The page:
New Labels for Old – requirements for marketing food products in Australia to change by 2018
From 1 July 2016, new Country of Origin Labelling (CoOL) laws apply to food sold in retail stores in Australia. However, businesses will have time to adjust over a two-year transition period, meaning that food products packaged up until 1 July 2018 can be sold without the new labels.
There are different labelling requirements, depending on where the food was grown, produced, made or packaged. Most food grown, produced, made or packaged in Australia will need to carry a standard mark. The standard mark includes a bar chart and text showing the proportion of Australian ingredients by weight. If all of the food in a display or package was grown, produced or made in Australia, the mark will also include a kangaroo logo.
The information standard is accompanied by a Style Guide to help marketers understand the changes, which can be accessed here.
Imported food (food grown, produced, made or packaged in a country other than Australia) will need to carry a country of origin statement in a clearly defined box.
Some examples are below, but we recommend that manufacturers consult the Information Standard and Style Guide for full guidance.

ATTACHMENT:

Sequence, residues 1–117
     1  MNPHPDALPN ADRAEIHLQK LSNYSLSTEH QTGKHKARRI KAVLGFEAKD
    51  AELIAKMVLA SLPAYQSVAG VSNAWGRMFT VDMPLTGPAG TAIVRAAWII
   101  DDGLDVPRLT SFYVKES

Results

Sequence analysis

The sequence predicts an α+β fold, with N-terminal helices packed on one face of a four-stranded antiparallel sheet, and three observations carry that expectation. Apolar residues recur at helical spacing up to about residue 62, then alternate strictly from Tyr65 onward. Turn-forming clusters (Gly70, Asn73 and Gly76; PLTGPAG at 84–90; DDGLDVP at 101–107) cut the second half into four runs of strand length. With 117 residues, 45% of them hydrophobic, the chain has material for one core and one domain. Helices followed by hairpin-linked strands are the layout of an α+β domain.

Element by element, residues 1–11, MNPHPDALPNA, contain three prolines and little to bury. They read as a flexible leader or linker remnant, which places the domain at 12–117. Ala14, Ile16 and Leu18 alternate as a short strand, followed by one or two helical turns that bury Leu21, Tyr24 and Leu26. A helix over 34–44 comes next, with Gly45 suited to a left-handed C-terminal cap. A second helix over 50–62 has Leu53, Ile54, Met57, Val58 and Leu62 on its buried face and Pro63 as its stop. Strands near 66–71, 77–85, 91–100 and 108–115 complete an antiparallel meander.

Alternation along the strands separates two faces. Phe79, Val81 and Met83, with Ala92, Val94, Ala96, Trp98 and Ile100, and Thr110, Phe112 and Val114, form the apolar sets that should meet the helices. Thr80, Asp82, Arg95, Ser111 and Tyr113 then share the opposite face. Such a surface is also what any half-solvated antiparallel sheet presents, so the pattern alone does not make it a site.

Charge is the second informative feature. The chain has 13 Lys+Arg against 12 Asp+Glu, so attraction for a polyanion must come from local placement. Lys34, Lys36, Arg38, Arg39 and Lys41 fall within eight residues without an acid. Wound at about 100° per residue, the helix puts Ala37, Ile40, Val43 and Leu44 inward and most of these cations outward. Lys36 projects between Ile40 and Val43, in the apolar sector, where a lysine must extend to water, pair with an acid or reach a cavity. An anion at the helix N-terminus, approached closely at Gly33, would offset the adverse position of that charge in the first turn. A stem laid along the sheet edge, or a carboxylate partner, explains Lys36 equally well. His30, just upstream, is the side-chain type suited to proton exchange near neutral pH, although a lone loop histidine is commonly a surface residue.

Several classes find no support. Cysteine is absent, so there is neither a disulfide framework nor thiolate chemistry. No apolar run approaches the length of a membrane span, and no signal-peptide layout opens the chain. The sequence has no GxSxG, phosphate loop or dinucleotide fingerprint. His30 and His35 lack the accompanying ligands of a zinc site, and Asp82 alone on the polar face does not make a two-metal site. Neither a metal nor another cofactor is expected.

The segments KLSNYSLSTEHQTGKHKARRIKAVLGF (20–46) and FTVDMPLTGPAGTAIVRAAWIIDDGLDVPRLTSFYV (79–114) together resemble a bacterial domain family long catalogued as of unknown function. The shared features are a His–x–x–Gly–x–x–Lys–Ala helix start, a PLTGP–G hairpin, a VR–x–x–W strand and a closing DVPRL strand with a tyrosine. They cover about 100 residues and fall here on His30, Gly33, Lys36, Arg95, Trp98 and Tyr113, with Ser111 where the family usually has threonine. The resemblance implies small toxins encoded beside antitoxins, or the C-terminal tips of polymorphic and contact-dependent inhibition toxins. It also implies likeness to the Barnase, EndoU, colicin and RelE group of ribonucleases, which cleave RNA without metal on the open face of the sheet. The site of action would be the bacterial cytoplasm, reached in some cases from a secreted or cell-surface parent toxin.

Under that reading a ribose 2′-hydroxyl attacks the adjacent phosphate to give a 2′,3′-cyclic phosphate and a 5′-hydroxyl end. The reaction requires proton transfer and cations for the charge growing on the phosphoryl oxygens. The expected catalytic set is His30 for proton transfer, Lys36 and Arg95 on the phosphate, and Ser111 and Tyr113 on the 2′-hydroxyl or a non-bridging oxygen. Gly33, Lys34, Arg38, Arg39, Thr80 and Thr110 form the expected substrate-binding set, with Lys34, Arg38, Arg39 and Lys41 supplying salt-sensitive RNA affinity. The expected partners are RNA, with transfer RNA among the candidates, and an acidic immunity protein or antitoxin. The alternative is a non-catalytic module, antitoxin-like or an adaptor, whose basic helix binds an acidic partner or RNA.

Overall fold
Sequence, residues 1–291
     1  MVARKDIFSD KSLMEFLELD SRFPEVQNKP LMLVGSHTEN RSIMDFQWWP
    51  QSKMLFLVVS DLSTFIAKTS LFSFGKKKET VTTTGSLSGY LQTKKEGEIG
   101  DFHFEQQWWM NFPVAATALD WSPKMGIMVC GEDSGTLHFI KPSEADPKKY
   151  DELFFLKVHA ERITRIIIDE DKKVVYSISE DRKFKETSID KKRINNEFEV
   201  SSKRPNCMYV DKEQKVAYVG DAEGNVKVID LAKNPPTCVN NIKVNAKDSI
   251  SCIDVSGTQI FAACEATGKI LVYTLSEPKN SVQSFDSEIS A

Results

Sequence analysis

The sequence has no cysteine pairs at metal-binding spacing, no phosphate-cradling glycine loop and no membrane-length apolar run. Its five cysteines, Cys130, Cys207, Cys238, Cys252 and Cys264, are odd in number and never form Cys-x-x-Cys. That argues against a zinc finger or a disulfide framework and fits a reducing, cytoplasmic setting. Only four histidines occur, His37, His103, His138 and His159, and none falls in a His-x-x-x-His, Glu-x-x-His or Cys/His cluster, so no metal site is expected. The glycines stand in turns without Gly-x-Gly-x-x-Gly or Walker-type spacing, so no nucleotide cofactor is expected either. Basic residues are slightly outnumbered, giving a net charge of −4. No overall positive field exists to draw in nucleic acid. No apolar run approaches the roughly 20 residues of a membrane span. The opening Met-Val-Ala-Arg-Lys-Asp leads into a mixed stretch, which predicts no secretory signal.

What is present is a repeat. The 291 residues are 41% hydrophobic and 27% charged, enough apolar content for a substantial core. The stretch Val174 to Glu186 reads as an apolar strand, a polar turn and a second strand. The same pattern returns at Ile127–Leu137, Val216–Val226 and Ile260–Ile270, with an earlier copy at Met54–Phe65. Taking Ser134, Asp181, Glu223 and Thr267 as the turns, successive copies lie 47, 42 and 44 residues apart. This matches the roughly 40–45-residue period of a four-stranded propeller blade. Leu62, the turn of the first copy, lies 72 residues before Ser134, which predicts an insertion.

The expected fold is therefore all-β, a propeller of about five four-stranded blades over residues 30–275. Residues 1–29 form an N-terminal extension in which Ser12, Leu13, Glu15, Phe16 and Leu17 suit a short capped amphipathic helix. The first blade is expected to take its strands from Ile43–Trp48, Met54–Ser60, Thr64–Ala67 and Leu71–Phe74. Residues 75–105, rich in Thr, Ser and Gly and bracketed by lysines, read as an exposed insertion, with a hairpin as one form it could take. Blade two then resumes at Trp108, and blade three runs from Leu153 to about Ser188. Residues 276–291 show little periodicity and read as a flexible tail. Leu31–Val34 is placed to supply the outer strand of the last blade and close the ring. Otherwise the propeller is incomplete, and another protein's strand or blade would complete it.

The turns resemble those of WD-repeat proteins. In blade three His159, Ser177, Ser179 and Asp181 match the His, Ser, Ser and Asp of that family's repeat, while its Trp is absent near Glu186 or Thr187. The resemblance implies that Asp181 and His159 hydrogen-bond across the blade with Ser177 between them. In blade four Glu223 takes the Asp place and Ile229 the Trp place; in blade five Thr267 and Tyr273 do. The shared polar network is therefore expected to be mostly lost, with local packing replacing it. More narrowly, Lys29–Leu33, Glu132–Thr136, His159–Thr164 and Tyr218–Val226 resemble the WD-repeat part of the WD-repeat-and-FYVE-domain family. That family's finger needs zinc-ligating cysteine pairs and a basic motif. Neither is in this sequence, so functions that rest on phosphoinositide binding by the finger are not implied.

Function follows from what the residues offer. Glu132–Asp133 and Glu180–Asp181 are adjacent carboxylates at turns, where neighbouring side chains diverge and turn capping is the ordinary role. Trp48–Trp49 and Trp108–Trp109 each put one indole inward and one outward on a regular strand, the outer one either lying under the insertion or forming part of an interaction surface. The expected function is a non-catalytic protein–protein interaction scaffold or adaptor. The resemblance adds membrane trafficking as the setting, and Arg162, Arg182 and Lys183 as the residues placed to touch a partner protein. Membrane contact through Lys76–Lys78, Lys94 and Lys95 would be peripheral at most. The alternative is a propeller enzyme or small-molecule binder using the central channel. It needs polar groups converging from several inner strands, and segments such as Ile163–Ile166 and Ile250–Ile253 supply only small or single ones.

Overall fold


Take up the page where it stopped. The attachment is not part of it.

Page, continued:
Where imported food includes Australian ingredients, this can be shown voluntarily.
For packaged products, the labels must appear on each individual product. However, for unpackaged products such as fruit and vegetables, the label can appear anywhere on the product, or close to the product, for example on a shelf talker, hanging sign or display card. For non-retail sales, the seller of the food must provide the purchaser, on request, with information about the origins of the food or its ingredients, so that the purchaser can comply with the new information standard when on-selling the food to another purchaser, or selling another food that uses the food as an ingredient.
“Non-priority foods” are exempt from the new rules. These are defined as seasonings, confectionery, biscuits and snack food, bottled water, soft drinks and sports drinks, tea and coffee, and alcoholic beverages.
Penny Walsh - 7 July 2016